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Why do we use complex exponentials in the Fourier transform, why do we want the phase part? As opposed to in DCT where there is no phase and only magnitude?

Moreover, what does this phase concretely mean for the signal reconstruction/decomposition? (I know it is related to a shift of a signal, i.e. i know that sin and cos are phase shifted by pi/2 rad u.e. 90 degrees but i can t really make sense of it in Fourier?

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  • $\begingroup$ Didn't just ask the same question here dsp.stackexchange.com/questions/59580/… $\endgroup$ – Hilmar Jul 17 at 22:40
  • $\begingroup$ Why doesn't the difference between sin(t) and cos(t) make sense to you? If you input one to an FFT, you usually would not want to reconstruct the other via IFFT. $\endgroup$ – hotpaw2 Jul 18 at 0:34
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A DCT is identical to a DFT, twice as long, of the input data concatenated with its mirror image. Data concatenated with its mirror results in symmetric data.

Since a symmetric vector is strictly even, there are no odd (sine or imaginary) components in the DFT result. Just cosine (or real or even) components. Thus you can reconstruct the original input without the all-zero imaginary component. (In practice, there might be some numerical rounding noise).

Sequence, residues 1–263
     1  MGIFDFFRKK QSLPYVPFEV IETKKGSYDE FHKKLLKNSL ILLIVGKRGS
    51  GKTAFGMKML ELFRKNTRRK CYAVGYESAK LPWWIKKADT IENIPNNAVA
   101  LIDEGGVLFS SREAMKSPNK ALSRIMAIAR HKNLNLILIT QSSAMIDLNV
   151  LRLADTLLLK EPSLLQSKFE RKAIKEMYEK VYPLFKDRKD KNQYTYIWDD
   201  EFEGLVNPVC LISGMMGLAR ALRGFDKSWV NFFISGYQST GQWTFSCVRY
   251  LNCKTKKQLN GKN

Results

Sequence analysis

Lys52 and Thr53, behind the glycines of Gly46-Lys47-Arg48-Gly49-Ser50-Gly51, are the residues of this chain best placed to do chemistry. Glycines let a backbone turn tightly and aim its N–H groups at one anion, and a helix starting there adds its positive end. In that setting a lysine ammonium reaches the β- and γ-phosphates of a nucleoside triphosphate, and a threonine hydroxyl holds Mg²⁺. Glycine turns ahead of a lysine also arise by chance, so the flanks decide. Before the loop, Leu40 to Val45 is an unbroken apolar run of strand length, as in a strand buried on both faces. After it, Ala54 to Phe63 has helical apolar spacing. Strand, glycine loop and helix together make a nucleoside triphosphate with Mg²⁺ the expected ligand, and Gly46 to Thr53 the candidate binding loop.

Not so with a DFT of just the original data (not doubled and mirrored), which likely is not exactly symmetric (even). Thus you need the full complex result of a DFT to reconstruct its input (unless it just happens to be perfectly circularly symmetric around the 1st vector element, x(0)).

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  • $\begingroup$ thanks for the answers. I know my questions might seem strange or not well formulated. My problem seems to be related to the link between the exponential (and trigo) form phase and magnitude and how we reconstruct the signal by matrix multiplication DFTMatrix * signal -> inv(DFTMatrix)* (DFTMatrix * signal ) to get back the signal. I see the DFT as a change of basis but that doesnt allow me directly to see what phase is doing there you see what i mean? $\endgroup$ – Machupicchu Jul 18 at 15:21
  • $\begingroup$ of course i know each line of the DFT matrix is a complex exponential exp(-i*2*pikt/N) (with Euler formula relating it to sines and cos) and that the iDFTmtx if conj(DFTmtx) $\endgroup$ – Machupicchu Jul 18 at 15:25
  • $\begingroup$ The change of basis requires both the sine and cosine basis vectors. Phase is simply the relationship between the two in the DFT result. $\endgroup$ – hotpaw2 Jul 18 at 15:42
  • $\begingroup$ Ok but for example DCT does not have phases and still can reconstruct any signal, so why bother with these complex exp with phases? $\endgroup$ – Machupicchu Jul 18 at 15:47
  • $\begingroup$ (I m sure there is a good reason but "naively" it seems like an unnecessary complication w.r.t. DCT which has no phase for example, you see what i mean? $\endgroup$ – Machupicchu Jul 18 at 15:50
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For example we have a signal x[]: